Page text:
Dar es Salaam — "Economies are increasingly dependent on digital and higher level competences and skills. It follows our investment in "gray matter infrastructure" is perhaps the most important one we can make. In too many low-and middle income countries, children are disadvantaged before they even set foot in school because they did not have adequate early nutrition."- President of the World Bank Group, Jim Yong-Kim.
The first 1000 days of a human's life from the womb, which is roughly from conception till a baby is in their second year; is where the body is building its foundation blocks. "Ensuring every child has the right start to life during these precious 1,000 days begins first and foremost with nutrition. The nutrition that we get from the food we eat early in life is a critical building block for the growth of our bodies, the development of our brains, and the health of our immune systems."- Lucy Sullivan Executive Director, 1,000 Days
"Following the stats for 2014-2015 from TGHS-Tanzania Demographic Household Survey' which came out June this year (2016). In stunting we're now at 34% whereas in 2010 we were at 42%; we've solved this problem faster than in previous years. It's those in the rural areas that are most afflicted with 'stunting'... " Dr. Vincent Assey, Assistant Director in Nutrition at the Ministry of Health in Tanzania.
As Dr Assey points out, too many of our children are set never to have fair cognitive skills or healthy lives as their brains and immune systems are impaired from malnutrition, particularly in the rural areas.
Luckily we bumped into a brave woman Scholastica Nguli, from the region of Lindi in Tanzania, who is working to change this. You see when a baby is born with malnutrition-micronutrient deficient, overweight, stunted or wasted (accounting for 5% percent of children in Tanzania). There's still a small window, till they're two years old to cure them of this problem.
As the founder of the NGO 'ROWODO-Rondo Women's Development Organisation, Scholastica since 2011, has been working to reduce infantile deaths caused by malnutrition; particularly child stunting and child wasting in the Rondo ward, of Lindi region.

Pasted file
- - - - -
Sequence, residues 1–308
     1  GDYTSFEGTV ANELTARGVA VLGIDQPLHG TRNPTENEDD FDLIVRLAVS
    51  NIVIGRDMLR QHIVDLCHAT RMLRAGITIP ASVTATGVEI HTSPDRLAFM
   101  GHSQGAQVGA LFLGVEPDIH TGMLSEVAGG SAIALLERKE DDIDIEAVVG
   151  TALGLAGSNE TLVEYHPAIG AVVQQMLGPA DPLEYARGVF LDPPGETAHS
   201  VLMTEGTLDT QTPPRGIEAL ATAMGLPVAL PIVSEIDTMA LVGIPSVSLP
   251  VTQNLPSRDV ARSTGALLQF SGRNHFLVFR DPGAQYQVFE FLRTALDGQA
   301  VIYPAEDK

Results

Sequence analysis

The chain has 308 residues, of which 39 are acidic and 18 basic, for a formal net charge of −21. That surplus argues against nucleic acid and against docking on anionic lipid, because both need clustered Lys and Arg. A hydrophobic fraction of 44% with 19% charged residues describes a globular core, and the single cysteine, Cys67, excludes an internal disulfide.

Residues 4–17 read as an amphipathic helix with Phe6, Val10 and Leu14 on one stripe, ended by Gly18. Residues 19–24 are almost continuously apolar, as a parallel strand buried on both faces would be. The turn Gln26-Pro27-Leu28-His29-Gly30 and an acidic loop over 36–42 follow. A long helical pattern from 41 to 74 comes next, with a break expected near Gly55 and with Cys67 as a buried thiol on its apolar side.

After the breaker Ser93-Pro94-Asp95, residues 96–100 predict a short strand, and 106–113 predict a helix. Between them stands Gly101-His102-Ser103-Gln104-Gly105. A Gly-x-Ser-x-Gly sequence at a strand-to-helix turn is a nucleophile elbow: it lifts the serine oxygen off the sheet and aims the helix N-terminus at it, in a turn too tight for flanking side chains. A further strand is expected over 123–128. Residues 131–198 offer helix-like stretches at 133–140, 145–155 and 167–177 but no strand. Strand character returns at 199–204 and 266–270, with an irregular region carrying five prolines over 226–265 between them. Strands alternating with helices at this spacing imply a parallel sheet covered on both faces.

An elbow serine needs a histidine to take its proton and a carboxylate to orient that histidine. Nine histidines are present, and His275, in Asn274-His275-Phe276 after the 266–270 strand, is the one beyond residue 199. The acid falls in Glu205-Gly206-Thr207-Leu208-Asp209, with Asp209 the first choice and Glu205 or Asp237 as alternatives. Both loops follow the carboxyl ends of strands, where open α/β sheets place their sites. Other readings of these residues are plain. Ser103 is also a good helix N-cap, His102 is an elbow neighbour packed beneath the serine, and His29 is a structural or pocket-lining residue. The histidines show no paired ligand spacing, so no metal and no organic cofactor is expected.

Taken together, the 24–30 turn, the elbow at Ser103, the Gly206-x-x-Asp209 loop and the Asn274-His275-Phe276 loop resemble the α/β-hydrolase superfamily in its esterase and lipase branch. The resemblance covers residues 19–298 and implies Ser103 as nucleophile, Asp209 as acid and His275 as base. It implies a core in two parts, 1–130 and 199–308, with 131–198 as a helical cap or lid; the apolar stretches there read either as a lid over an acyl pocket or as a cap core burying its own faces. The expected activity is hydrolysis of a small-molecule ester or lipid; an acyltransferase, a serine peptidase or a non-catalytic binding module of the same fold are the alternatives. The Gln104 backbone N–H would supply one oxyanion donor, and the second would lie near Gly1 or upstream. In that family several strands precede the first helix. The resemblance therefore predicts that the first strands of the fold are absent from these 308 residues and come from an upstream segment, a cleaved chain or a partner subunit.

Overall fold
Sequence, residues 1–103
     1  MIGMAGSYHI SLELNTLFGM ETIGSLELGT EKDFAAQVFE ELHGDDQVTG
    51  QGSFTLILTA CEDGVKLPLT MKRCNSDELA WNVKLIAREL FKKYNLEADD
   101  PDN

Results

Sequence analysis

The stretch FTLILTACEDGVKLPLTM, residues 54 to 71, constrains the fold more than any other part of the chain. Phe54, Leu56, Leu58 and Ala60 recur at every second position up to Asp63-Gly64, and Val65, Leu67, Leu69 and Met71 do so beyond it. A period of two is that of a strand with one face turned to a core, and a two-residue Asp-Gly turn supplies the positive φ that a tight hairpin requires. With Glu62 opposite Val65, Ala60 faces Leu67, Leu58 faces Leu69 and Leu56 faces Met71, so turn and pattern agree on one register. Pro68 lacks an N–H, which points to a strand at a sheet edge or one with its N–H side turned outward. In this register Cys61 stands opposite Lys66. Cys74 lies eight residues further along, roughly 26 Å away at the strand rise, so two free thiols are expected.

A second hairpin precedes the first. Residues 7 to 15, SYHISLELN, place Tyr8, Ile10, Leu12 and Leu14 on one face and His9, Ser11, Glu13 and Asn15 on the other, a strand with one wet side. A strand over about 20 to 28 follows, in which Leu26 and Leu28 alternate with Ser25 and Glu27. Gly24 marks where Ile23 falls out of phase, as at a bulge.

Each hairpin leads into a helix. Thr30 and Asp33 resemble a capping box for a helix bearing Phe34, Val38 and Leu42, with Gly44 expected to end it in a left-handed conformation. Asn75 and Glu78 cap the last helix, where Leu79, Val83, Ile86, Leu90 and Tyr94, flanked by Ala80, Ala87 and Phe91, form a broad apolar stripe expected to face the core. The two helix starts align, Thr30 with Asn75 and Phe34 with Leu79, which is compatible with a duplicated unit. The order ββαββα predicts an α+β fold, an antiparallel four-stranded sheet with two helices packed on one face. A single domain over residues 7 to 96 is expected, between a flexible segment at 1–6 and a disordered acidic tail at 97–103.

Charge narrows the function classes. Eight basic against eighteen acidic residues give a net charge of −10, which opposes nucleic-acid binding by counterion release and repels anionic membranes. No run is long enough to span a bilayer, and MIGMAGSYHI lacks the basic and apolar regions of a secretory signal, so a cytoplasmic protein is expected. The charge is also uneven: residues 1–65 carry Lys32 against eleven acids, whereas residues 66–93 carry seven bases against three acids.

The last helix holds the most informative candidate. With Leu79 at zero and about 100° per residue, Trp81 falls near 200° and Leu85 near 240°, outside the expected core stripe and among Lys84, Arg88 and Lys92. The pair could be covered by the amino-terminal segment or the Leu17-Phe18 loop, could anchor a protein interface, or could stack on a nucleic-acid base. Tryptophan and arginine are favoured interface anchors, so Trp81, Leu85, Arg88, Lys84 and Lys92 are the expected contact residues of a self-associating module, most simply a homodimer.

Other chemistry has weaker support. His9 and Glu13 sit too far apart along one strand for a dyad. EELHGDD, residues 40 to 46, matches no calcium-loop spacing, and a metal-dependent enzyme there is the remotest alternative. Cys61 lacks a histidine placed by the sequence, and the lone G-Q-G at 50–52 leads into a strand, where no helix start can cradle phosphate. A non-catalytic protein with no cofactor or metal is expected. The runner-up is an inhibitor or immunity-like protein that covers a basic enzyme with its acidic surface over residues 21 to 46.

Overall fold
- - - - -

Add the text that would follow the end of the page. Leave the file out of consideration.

"With regards to malnutrition we educate mothers, either one on one by visiting their families or by hosting talks at the maternal clinics.
Here we give information on the importance of exclusive breastfeeding after giving birth, till the baby is up to six months old. Teaching them to do away with the belief that when a child cries, as they see adults eating before they're 6 months old, means they're ready to eat foods like 'uji' or drink water, which they are not.
We also give information on the importance of feeding infants up to 2 years old, with foods that have the right nutrients. We encourage the eating of cassava, 'mbaazi', lentils like 'kunde', beans, 'choroko' and grains like 'ulezi' that are grown locally. We also try to break old myths that say, for instance that a pregnant woman shouldn't eat eggs."-Ma Scholastica Nguli.
We met Scholastica at the launch of the 'Global Nutrition Report 2016' in Dar es Salaam last month, where Hon Vice President of Tanzania Mme, Samia Suluhu was present. As well the Minster of Health, Community Development, Gender, Elderly and Children Hon, Ummy Mwalimu.
Scholastica was among the members of Civil Society Organisations under the umbrella of PANITA-Partnership for Nutrition in Tanzania. To be given a hearty thank you from the Vice President.
"On the issue of gender equality, we work to build on the capacities of the mother as she's the nurturer in the family...Take the mother in the village, she wakes up at 5 am with a bucket on her head going to find water, when she returns other morning chores await her. She then picks up the hoe with the baby on her back on her way to 'shamba'.
As she returns from shamba she comes with a load of 'kuni' on her head and the baby on her back. Where the pounding of 'maize' awaits her or going to the machine to grind the same, when she returns she has to make 'ugali', wash clothes truthfully this is all too much and it impairs her from concentrating on proper nutrition for her family."-Hon Vice president Mme Samia Suluku Mme Vice President here went on to emphasize the importance of the kind of work Scholastica is doing, in alleviating the burden on women in the rural areas by educating them. She further urged society to assist women with household chores, so as to enable them to prepare nutritious meals for their families.
Scholastica is really happy that she has not heard of any deaths in recent years in Rondo ward, from a child under 5 due to malnutrition.
"We got this news recently in July'16, when we visited the Chiponda Health Center and Mtene Clinic; both reported that since 2015 no deaths have come from malnutrition.
Our goals are now to see ourselves visiting more villages in the district. Every 3 months, we walk for 7 to 8 kilometres to different villages, with assistance from Mr Msafiri Wanje's office- Chiponda's District Commissioner and the Health Centres in this district, who assist in advertising our schedules for meetings with the villagers."-Scholastica Nguli
According to the Global Nutrition Report 2016, Africa loses up to 11% of its GDP due to malnutrition, while for every dollar invested in alleviating this problem. There's a $16 yield in returns. Currently the budget of 2016/17 in Tanzania allocates 500TSHS (US$ 0.23) per child for Nutrition interventions, this is short of the US$8.5 required to be on track to ending malnutrition by 2030.
Let's support the efforts of ROWODO and other CSO's in the country working to end malnutrition. By visiting panita.or.tz you can make contributions to over 250 CSO's like ROWODO spread out in various regions of Tanzania.